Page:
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Begging and social tolerance : Food solicitation tactics in young chimpanzees (Pan troglodytes) in the wild

Fröhlich, Marlen ; Müller, Gudrun ; Zeiträg, Claudia LU ; Wittig, Roman M. and Pika, Simone (2020) In Evolution and Human Behavior 41(2). p.126-135
Abstract

The substantial role of food sharing in human evolution has been widely recognized, and food-soliciting tactics may have been critical in facilitating these transfers. Great apes, our closest living relatives, also use different food-soliciting tactics to obtain food from both kin and non-kin. However, the individual and social factors involved in requests for and subsequent transfers of food have been relatively little studied. Here, we examined which tactics (e.g., tactile gestures, taking actions, and vocalizations) infant chimpanzees (Pan troglodytes) employ to solicit food as well as the success of obtaining food from their conspecifics. Using a multimodal approach, we focused on food-related interactions in 14 chimpanzee infants... (More)

The substantial role of food sharing in human evolution has been widely recognized, and food-soliciting tactics may have been critical in facilitating these transfers. Great apes, our closest living relatives, also use different food-soliciting tactics to obtain food from both kin and non-kin. However, the individual and social factors involved in requests for and subsequent transfers of food have been relatively little studied. Here, we examined which tactics (e.g., tactile gestures, taking actions, and vocalizations) infant chimpanzees (Pan troglodytes) employ to solicit food as well as the success of obtaining food from their conspecifics. Using a multimodal approach, we focused on food-related interactions in 14 chimpanzee infants of two different subspecies (P. t. schweinfurthii/verus) living in the communities of Kanyawara, Uganda, and Taï South, Côte d'Ivoire. Overall, we found that infants' solicitation tactics included mainly visual or tactile gestural requests and taking attempts, while vocalizations and gestures involving auditory components were rarely used. With increasing age, infants used more visual gestures when soliciting food from conspecifics other than the mother. If food was solicited from mothers or maternal kin, infants predominantly begged for food via (mechanically effective) taking attempts. In terms of subsequent food transfers, taking attempts were more successful than gestures. In light of the prevalent use of non-contact begging despite low rates of success, food solicitation in young great apes might also function to facilitate social tolerance and gain social information. We thus conclude that the food sharing context might represent a critical platform to learn and practice social rules underlying cooperative interactions, which can later be generalized across collaborative domains.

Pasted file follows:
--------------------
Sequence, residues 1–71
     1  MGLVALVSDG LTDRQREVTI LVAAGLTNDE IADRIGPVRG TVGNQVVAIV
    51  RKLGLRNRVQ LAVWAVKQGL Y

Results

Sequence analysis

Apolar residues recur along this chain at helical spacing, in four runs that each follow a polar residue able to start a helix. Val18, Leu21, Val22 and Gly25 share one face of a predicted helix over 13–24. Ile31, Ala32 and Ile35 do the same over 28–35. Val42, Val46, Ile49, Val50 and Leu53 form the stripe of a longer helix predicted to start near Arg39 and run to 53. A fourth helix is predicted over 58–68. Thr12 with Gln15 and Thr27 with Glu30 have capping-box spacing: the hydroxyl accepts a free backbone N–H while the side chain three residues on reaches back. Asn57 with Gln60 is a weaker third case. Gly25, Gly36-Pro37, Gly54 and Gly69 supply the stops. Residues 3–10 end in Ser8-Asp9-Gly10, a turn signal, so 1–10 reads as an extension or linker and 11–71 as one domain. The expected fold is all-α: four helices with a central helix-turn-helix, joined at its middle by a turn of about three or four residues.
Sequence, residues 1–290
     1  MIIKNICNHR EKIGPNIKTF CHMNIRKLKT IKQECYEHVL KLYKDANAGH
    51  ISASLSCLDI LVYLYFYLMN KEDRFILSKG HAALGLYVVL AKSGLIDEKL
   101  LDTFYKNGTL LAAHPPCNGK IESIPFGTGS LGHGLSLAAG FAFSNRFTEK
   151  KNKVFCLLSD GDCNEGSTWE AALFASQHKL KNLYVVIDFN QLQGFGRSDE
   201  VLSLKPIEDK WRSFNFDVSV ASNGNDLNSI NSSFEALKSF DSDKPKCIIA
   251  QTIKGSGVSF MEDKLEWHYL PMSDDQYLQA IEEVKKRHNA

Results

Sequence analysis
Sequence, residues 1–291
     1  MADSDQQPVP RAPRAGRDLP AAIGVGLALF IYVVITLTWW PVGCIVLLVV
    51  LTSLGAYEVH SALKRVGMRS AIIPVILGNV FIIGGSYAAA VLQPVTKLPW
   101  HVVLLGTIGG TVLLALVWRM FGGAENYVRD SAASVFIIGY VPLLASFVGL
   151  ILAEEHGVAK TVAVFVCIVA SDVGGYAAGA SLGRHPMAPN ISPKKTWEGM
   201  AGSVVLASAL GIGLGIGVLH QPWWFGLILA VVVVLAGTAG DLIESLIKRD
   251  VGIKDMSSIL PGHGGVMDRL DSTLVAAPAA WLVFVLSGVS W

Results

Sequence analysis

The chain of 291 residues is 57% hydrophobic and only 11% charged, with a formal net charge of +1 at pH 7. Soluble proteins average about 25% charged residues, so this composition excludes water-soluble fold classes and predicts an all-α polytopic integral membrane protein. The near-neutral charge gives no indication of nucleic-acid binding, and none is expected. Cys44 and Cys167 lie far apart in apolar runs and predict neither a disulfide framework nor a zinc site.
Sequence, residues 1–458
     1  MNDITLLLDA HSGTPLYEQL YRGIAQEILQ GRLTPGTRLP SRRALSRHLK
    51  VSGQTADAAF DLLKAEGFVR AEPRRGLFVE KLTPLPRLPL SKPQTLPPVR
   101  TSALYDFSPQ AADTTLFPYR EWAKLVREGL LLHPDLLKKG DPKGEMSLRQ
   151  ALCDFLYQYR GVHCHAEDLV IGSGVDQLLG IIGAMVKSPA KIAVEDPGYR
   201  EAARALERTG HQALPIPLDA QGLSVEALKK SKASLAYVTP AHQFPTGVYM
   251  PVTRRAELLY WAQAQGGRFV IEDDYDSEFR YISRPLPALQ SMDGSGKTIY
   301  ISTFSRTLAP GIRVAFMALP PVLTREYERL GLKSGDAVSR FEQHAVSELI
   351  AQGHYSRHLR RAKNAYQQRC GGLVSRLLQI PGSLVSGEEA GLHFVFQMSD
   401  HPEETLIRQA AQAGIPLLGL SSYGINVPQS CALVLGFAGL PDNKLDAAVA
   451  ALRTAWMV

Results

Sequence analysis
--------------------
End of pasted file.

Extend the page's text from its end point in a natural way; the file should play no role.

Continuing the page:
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author
organization
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type